Michael D. Taylor was too young for a death sentence when he raped and murdered a classmate at McCluer North High School in 1995, but later went to death row for a prison killing.
On Tuesday, a divided Missouri Supreme Court ordered a new sentencing hearing in the capital case, with a new set of jurors.
Writing for the majority, Chief Justice Laura Denvir Stith said that prosecutors failed to provide the defense with evidence that might have challenged the credibility of a prison informer.
Joined by Judges Richard Teitelman and Michael Wolff, Stith also wrote that the defense could have put on evidence in the penalty phase of the trial about severe abuse Taylor suffered as a child and his mental state at the age of 11 or 12, when the family attempted a church exorcism because the boy said he was hearing the voices of demons.
In the guilt phase, the jury had heard testimony of five mental health experts for Taylor, who attested to his mental illness. Three experts for the state suggested Taylor was faking it.
Also testifying was an inmate at the prison in Potosi, Scott Perschbacher, who claimed he had read a note as it passed from one cell to another, in which another prisoner urged Taylor to "continue the nut role and doing crazy things so they will think he's crazy."
The high court said the prosecution never provided the defense before trial with letters Perschbacher wrote to an investigator, with information that Perschbacher had made false accusations against police, or that the state planned to give him favorable treatment in a pending case if he gave helpful testimony.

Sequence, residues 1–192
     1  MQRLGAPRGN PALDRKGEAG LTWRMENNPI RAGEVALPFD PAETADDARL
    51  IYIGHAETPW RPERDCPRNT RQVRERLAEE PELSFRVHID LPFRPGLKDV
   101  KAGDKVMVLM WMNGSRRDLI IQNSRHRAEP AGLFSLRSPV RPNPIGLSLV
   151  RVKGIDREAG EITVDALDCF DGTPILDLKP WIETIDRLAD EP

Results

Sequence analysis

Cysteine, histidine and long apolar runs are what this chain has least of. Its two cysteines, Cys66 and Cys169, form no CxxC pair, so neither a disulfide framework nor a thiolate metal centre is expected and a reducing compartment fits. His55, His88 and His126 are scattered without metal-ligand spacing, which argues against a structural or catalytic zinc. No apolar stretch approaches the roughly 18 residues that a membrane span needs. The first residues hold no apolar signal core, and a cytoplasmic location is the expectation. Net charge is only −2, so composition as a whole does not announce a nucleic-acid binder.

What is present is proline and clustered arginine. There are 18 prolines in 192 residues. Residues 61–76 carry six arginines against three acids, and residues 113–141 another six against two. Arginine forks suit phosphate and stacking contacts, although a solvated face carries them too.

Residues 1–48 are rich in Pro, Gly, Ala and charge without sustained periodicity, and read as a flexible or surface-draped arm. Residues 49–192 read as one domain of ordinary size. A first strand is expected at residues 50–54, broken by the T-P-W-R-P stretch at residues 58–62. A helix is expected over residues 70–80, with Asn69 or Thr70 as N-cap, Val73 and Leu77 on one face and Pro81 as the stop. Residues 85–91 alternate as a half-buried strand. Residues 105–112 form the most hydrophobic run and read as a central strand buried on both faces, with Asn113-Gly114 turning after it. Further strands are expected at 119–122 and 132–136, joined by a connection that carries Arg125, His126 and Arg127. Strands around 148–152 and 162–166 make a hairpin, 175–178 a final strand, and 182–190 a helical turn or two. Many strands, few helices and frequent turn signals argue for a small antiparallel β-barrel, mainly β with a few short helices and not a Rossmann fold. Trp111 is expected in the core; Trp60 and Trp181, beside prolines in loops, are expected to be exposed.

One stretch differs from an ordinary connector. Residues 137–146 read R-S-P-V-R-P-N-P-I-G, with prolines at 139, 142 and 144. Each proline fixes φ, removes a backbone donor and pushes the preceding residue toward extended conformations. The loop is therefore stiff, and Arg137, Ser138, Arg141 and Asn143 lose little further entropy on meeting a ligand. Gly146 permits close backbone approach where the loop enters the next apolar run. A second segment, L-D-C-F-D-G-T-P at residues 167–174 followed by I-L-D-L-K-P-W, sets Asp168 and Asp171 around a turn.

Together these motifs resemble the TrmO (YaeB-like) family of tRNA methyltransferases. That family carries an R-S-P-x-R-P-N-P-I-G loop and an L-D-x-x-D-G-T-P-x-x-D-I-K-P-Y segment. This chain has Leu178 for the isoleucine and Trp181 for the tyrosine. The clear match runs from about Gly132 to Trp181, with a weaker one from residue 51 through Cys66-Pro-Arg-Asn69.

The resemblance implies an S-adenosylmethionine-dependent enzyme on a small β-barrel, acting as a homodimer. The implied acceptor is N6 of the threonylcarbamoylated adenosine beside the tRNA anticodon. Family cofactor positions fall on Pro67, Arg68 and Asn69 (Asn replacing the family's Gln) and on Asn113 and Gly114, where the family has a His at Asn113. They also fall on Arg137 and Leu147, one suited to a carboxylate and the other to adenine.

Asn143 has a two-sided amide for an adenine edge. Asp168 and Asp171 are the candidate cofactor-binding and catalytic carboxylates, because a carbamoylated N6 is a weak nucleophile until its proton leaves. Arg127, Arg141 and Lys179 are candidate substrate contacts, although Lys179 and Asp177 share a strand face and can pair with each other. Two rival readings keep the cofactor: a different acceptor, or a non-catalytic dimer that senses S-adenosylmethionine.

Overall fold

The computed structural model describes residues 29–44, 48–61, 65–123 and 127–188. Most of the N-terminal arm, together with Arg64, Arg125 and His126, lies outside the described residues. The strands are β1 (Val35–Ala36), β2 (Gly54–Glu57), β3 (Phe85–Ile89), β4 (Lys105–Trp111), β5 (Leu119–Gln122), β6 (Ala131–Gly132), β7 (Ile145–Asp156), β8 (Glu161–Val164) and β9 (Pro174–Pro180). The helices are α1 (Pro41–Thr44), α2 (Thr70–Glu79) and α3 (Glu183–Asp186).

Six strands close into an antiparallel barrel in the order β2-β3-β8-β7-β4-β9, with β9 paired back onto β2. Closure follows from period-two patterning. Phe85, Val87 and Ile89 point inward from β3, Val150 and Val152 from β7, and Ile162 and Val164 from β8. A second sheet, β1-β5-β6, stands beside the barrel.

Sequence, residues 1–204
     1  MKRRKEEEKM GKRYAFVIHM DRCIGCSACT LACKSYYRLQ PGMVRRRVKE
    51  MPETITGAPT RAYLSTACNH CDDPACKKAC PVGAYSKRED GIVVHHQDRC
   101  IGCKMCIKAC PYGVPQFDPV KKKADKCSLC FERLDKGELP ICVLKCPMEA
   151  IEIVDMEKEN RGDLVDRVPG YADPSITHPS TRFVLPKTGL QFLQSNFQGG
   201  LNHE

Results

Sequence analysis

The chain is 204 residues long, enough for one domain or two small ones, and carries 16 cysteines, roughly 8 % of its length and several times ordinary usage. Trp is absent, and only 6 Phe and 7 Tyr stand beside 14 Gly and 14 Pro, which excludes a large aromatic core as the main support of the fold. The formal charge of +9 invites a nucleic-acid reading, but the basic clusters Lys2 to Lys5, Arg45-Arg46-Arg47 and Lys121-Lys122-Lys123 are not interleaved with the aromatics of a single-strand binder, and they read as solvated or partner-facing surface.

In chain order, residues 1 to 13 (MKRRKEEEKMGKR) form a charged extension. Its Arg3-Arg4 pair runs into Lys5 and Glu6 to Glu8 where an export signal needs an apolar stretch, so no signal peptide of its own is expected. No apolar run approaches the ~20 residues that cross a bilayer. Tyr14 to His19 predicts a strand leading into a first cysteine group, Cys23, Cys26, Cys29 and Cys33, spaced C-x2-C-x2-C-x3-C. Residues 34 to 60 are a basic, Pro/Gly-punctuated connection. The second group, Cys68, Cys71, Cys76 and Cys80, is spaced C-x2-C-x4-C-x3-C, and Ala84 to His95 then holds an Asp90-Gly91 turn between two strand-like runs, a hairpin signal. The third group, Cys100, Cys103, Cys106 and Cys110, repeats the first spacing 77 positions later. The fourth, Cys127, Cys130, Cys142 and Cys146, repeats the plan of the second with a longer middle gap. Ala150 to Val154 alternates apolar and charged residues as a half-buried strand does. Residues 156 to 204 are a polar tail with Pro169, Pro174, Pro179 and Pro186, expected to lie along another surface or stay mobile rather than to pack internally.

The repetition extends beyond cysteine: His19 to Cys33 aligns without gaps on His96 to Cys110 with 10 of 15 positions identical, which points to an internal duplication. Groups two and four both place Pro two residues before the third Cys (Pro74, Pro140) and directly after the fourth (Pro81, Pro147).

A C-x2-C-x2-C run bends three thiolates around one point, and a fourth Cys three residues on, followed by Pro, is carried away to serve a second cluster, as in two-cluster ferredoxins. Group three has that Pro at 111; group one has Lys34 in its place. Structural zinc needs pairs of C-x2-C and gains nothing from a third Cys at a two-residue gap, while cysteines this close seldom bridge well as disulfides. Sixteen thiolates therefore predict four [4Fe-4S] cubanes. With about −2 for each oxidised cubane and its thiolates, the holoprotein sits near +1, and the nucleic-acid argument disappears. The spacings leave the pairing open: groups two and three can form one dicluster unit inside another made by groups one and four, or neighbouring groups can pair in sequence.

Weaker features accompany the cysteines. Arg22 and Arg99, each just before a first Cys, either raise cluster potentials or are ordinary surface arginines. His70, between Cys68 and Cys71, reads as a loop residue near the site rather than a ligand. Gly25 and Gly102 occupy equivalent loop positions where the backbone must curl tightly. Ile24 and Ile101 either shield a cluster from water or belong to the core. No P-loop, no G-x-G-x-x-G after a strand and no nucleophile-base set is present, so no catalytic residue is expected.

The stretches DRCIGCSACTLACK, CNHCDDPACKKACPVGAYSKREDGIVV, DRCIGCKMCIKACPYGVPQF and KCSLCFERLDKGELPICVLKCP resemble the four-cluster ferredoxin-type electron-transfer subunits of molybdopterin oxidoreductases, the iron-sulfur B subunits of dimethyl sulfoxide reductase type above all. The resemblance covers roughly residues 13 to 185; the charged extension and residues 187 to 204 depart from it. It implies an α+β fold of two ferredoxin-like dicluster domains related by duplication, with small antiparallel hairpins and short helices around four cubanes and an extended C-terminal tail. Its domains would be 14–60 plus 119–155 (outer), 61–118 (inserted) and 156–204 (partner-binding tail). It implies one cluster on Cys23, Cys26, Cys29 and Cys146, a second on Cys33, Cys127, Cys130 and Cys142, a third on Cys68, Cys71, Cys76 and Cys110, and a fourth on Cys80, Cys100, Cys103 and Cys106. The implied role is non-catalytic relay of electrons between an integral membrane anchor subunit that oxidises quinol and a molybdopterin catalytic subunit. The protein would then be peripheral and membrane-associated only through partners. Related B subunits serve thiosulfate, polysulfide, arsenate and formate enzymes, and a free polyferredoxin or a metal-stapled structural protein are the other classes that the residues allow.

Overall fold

Because Taylor had called guards to his cell and admitted strangling his cellmate, Shackrein Thomas, the court concluded 6-0 that the guilty verdict should stand.
Judge William Ray Price Jr., joined by Judge Mary Rhodes Russell, wrote that Perschbacker's credibility had been challenged on other grounds during cross-examination and that the defense attorneys had made a strategic call in not putting on additional evidence about Taylor's mental problems. They would have let the death penalty stand.
Judge Lawrence E. Mooney, an appellate judge sitting on the case, concurred in the results only.
Taylor was 48 days short of his 16th birthday when he beat, raped and drowned McCluer freshman Christine Smetzer in a restroom at the school in Florissant on Jan. 24, 1995. The minimum age for a death sentence in Missouri was than 16. He was sentenced in 1998 to life in prison without parole.
A year later, he strangled Thomas. Taylor got a death sentence in a trial in 2003 held on a change of venue in St. Charles County Circuit Court.
The case is unrelated to that of Michael A. Taylor, who is on Missouri's death row for the murder of a girl, 15, in Kansas City in 1989.